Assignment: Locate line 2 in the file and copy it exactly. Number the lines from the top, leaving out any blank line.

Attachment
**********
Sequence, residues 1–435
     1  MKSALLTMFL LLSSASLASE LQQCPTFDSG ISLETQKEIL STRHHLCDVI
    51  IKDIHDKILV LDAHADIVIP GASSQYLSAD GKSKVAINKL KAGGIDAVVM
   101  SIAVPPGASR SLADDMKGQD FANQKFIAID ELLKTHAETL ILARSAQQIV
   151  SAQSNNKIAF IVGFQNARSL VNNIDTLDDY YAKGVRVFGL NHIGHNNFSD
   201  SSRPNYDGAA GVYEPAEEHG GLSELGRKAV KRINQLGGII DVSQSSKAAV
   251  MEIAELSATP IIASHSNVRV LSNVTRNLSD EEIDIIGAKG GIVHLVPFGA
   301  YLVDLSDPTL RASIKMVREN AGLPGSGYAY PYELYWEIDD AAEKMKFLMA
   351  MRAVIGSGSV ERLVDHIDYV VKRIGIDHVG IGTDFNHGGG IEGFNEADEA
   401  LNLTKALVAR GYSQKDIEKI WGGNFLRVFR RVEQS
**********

     1  MKSALLTMFL LLSSASLASE LQQCPTFDSG ISLETQKEIL STRHHLCDVI